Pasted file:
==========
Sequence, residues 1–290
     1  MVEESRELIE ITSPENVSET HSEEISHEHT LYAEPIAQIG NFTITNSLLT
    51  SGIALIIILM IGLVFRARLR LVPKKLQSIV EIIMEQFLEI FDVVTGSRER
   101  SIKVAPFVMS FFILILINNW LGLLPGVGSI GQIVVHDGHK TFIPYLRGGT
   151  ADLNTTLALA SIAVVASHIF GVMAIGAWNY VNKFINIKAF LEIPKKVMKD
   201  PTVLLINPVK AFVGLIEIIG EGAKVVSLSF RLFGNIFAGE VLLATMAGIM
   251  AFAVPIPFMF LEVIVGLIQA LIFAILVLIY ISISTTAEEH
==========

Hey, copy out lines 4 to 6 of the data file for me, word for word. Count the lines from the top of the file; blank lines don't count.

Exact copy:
   101  SIKVAPFVMS FFILILINNW LGLLPGVGSI GQIVVHDGHK TFIPYLRGGT
   151  ADLNTTLALA SIAVVASHIF GVMAIGAWNY VNKFINIKAF LEIPKKVMKD
   201  PTVLLINPVK AFVGLIEIIG EGAKVVSLSF RLFGNIFAGE VLLATMAGIM